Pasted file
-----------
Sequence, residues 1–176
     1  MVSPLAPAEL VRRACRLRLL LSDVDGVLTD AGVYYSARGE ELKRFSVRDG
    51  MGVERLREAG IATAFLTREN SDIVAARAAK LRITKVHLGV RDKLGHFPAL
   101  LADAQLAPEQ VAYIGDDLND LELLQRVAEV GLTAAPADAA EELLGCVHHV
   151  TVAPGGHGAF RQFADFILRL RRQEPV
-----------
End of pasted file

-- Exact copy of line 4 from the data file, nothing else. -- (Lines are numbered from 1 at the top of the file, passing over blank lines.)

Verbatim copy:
   101  LADAQLAPEQ VAYIGDDLND LELLQRVAEV GLTAAPADAA EELLGCVHHV